In the 30s the house of Spies became the cultural centre of Bali. The list of famous people, who visited Walter Spies and were entertained by him, is impressive: Charlie Chaplin, Leopold Stokowski, Noel Coward, the flight pioneer Elly Beinhorn, the film maker Viktor von Plessen, Cole Porter, Barbara Hutton, Vicky Baum, Margaret Mead and many others. From 1938 onwards he withdrew more and more. Partly because he did not play tourist guide any more and he was treated with hostility, because he was gay.
He did not die on Bali, but on the ocean west of the harbour of Sibolga. After Hitler had overrun the Netherlands in 1940 most of the Germans in Dutch East India were interned and the government began to transport the men to India, assuming they might support the Japanese who were about to invade Dutch East India. Walter Spies was first interned in Sumatra and in January 1942 he with 500 other Germans had to board the ship „Van Imhoff“. A Japanese airplane torpedoed the ship. The ship’s crew saved itself, but more than 400 German prisoners drowned, among them Walter Spies.
Because he could not return to Europe, he was almost forgotten. However, now he is being rediscovered. On the occasion of his 100th birthday in September 1995 two large exhibitions were organised in Indonesia in collaboration with German museums, one at the National Gallery and the other one at the Agung Rai Museum on Bali.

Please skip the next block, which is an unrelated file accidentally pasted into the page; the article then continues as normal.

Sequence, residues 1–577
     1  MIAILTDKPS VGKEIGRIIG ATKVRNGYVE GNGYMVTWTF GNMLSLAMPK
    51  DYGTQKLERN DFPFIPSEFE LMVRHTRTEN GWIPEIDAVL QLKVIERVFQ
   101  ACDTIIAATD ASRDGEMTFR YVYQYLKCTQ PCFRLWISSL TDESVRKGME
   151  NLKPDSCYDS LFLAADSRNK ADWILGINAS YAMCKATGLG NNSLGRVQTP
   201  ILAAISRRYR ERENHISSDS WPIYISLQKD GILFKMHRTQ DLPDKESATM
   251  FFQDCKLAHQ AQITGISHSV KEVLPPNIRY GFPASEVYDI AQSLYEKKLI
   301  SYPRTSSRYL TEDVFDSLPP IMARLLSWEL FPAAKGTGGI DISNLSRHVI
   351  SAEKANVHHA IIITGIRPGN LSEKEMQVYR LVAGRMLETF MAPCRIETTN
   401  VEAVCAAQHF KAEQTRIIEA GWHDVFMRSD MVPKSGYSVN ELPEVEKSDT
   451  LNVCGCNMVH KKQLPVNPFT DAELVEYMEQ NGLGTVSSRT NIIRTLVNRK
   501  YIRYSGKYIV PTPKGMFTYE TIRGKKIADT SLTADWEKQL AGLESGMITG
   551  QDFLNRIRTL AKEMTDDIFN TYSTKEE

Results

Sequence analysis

Founder of the Botanical Garden in Bogor (near Jakarta)
Caspar Georg Karl Reinwardt was born on 5 June 1733. After the early death of their father, he and his brother moved to Amsterdam to a related pharmacist. When his brother took over the pharmacy, Caspar Reinwardt became his apprentice. Later, he studied medicine and botany and at only 27 years of age was appointed professor for natural science at the University of Harderwijk. After his nomination as rector of this university he committed himself to establish a botanical and zoological garden in Holland.
In 1815 he was appointed Director of Agricultural Affairs, Education and Science on Java. He had hardly arrived on Java in 1816, when he set out on a reform of the educational as well as the medical system and started with botanical experiments. Eventually he founded the Botanical Garden in Buizenzorg (today Bogor) with the aim to collect samples of all plants on the Archipelago and to study them.
He travelled all over East India, published his findings and started enormous collections which he sent to the University of Leiden. However, due to unsafe and perilous sea routes not everything arrived.